I recently posted about the upcoming changes to Canada’s Food Guide and that piece got me thinking about my own eating habits. In general, I’m pretty good about keeping everything balanced, though I probably succumb to the lure of junk food a bit too often.
However, one area in definite need of improvement is breakfast. I’m one of those people who is perpetually running late in the morning and given my duties, I absolutely need to be in on time at work. I have tried getting up earlier, but as I get older, my body is cooperating less and less. So, on those days when I am running late, breakfast usually doesn’t make the cut.
Of course, the old saying we know from childhood is “Breakfast is the most important meal of the day!” I have always doubted that (supper is the most important for me because it is the most elaborate and tasty), but will confess that I do feel rather lethargic during the mornings where I skip that first meal. I’m also more likely to fortify myself with caffeine until I get some of that lunchtime protein.
Leaving aside the vitamins that quality breakfast foods provide (sorry, Sugar Smacks don’t qualify), there is apparently a definite cognitive benefit. Breakfast helps to get your glucose levels up where they should be and your brain functions improve as a result. That means better memory and concentration, as well as a more stable and consistent mood. Basically, breakfast helps your brain to wake up, and does a healthier job than that big mug of coffee.
People who eat a proper breakfast are also less likely to be overweight. That seems counter intuitive (you’re eating less, right?), but as your energy needs are being met, you are less likely to snack and eat junk food laced with sugar for a quick fix.
If you grew up in Canada, you probably learned about Canada’s Food Guide in grade school. It has been the hallmark nutritional guide for this country’s citizens since its inception 75 years ago. While some changes have occurred since that debut, it is now undergoing a major revamp that will reflect the latest data regarding what constitutes a healthy diet.
Last updated seven years ago, the guide’s new edition still aims to influence Canadians to make the best choices, though there are some concerns that must be addressed. Specifically, people in the medical community feel that the current incarnation does not do enough to address the growing problems of obesity and illnesses brought about by inadequate or unhealthy diets.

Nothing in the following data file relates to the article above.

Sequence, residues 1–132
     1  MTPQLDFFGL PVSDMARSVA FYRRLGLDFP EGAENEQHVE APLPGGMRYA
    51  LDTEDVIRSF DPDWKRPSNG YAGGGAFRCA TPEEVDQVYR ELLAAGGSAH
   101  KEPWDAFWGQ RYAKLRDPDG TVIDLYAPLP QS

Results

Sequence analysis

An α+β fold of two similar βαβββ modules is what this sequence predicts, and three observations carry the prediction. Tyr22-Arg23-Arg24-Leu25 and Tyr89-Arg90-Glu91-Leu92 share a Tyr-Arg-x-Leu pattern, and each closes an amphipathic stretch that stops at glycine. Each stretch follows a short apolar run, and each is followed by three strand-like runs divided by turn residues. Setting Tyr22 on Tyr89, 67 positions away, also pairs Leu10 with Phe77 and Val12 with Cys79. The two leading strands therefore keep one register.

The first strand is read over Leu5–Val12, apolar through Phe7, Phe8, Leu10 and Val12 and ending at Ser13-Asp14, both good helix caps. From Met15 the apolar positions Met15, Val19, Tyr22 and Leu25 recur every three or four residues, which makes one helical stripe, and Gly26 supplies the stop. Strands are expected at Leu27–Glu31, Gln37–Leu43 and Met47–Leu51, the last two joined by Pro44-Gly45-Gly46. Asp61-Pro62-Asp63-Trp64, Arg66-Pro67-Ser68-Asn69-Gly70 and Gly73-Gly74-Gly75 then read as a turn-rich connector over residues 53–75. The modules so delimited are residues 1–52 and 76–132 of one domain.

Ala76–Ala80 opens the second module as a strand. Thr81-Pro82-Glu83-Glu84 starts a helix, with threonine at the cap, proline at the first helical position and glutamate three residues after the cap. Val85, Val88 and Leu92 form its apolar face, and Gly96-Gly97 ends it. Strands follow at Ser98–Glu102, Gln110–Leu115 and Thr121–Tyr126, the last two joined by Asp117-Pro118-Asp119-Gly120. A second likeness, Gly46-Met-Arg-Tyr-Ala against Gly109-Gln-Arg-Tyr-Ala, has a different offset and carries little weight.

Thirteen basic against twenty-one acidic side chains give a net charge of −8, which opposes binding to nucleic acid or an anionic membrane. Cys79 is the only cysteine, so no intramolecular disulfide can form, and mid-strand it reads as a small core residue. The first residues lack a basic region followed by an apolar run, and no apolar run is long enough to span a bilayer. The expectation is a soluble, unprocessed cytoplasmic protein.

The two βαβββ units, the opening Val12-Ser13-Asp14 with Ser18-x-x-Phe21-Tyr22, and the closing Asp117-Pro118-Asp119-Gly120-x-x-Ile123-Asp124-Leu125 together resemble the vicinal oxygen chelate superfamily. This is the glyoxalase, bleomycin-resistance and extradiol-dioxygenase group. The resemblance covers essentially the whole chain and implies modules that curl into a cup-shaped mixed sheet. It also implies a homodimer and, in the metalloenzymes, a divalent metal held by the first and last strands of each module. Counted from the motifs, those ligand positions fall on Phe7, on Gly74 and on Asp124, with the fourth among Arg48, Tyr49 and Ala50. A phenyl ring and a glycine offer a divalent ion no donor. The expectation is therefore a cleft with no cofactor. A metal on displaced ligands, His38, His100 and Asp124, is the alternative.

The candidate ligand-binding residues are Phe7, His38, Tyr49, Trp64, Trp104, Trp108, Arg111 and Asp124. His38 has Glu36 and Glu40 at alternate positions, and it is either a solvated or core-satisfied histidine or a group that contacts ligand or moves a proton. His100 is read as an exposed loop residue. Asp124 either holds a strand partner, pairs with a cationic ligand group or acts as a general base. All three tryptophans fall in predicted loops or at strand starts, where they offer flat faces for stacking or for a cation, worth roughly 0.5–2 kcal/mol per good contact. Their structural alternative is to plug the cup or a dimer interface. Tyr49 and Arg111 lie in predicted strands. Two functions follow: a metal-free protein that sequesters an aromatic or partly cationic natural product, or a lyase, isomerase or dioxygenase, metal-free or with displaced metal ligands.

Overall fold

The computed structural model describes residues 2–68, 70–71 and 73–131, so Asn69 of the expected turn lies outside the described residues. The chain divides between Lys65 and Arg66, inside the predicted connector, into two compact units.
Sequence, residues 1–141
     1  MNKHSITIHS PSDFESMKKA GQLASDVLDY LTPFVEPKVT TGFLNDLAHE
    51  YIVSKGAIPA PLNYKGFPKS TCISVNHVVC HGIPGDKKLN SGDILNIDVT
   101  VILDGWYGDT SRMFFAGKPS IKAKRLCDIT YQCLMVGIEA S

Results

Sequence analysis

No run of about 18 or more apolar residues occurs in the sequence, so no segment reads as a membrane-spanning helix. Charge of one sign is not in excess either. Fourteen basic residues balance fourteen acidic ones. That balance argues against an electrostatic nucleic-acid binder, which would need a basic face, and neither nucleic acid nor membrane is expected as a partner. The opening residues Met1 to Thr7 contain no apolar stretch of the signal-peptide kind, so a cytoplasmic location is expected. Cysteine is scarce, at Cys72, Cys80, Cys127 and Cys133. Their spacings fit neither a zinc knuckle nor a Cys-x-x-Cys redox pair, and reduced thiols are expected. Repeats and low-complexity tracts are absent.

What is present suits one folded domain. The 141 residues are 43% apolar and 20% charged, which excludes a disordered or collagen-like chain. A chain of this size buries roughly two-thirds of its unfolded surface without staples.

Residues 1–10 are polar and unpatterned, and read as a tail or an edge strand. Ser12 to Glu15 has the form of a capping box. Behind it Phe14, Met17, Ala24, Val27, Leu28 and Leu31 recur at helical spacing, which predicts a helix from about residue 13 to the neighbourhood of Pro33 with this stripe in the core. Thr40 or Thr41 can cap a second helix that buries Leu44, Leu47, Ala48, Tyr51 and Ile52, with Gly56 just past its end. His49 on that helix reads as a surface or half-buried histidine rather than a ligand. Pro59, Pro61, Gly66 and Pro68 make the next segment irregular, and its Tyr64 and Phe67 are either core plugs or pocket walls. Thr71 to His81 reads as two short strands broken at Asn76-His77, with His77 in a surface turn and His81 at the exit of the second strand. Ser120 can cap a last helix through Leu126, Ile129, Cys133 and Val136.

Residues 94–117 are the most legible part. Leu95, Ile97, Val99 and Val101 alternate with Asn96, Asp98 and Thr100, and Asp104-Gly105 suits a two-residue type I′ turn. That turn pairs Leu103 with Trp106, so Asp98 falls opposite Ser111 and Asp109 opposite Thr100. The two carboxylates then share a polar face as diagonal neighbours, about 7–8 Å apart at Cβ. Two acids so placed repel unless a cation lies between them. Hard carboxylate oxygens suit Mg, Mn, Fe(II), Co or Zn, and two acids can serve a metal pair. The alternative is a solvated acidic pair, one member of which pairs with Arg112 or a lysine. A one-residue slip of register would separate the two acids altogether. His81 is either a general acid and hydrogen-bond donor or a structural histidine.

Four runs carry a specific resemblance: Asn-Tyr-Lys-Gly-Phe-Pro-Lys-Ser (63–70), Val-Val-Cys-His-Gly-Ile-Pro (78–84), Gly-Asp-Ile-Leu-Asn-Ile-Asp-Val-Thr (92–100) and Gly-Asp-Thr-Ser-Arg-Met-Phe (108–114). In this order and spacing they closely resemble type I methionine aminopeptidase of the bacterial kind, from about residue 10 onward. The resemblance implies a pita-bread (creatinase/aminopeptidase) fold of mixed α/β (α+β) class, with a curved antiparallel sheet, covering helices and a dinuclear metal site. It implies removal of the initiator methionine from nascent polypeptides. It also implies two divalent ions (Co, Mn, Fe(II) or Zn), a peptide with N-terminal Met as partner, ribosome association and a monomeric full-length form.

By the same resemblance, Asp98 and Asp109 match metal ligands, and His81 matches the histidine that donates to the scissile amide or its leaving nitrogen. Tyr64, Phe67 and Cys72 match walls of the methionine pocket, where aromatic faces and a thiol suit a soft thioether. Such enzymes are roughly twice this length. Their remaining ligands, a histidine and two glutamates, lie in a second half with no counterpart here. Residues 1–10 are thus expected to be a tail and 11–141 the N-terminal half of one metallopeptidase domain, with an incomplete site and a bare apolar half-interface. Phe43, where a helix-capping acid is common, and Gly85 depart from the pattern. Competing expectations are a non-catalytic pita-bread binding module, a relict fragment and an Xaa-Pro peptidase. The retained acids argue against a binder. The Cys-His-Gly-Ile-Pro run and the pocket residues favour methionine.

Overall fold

Environmental sustainability and animal welfare will receive more emphasis, so those who support a vegetarian or vegan lifestyle will no doubt applaud news that the new version reportedly has a reduced emphasis on meat and milk. Also, as the country has become more diverse with a wide range of diets, the guide seems behind the times with its largely North American outlook on food choices.
One thing that might represent a major change in approach is the four food groups. These have been part of the guide for decades, but may no longer be used.
The current guide has also received much criticism for the amount of calories it encourages people to eat per day, so expect that to go down.
Something everyone seems to agree on is that the guide is simply too long and too involved. At six pages, it is not something easily condensed into a size that is easily carried. Also, people will be more likely to follow the recommendations if they are more straightforward and easier to implement.
Do you use Canada’s Food Guide to plan your meals? Or is it just a vague memory from your school days?
I’m going to bet that none of us are great at cleaning out the medicine cabinet. While we are supposed to finish most prescriptions, most of us stop taking the drugs when we feel better. The bottle with the remaining pills goes into the medicine cabinet and sits there. Sometimes for years. We justify this by thinking, “If I feel sick again, I can just take these instead of seeing the doctor again and getting another prescription.”
Well, you can try that, but it’s not very smart. In fact, it can be downright dangerous not only for yourself, but for other people in the household.
Most pills have a definite shelf life. After a certain amount of time, they will not be nearly as effective. That next time you get sick and reach for that old bottle of pills, you might find out the hard way that the medication is now useless and you end up in worse shape because you didn’t see the doctor sooner.
You must also consider the danger to children and the elderly. Having old medications sitting around in unlocked cabinets provides temptations for kids and seniors with cognitive issues. They may think they are vitamins or candy, and the results could be tragic.
Do yourself a favour and collect any old drugs you have lying around and take them to a proper place for disposal (chances are your pharmacy offers this service). Don’t just flush them down the toilet or wash them down the sink as they can taint the water supply in ways that normal filtration cannot address.
If you must put them in the trash, mix the pills into something that no one would eat (e.g. used cat litter) and place them in a sealed bag. Then place this bag in a sealed garbage container. We don’t want animals getting sick on our old meds either.